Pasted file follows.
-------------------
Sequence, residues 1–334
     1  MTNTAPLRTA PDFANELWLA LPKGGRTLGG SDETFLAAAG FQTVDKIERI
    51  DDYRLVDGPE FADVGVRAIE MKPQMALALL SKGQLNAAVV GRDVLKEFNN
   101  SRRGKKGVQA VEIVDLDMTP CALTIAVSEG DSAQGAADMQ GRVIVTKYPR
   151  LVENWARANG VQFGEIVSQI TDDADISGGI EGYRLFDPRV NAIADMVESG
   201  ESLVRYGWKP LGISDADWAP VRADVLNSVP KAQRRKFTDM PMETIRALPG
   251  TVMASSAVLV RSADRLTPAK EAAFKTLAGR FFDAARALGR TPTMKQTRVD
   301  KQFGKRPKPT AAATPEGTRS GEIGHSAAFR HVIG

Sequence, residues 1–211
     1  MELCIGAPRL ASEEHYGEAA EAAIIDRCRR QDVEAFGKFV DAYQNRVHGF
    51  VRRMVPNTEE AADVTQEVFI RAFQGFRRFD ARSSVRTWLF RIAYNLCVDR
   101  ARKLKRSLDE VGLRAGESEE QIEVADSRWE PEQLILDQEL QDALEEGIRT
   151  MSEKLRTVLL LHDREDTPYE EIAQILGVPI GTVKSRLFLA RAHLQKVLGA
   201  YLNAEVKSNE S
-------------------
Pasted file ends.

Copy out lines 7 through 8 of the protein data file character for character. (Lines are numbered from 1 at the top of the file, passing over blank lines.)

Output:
   251  TVMASSAVLV RSADRLTPAK EAAFKTLAGR FFDAARALGR TPTMKQTRVD
   301  KQFGKRPKPT AAATPEGTRS GEIGHSAAFR HVIG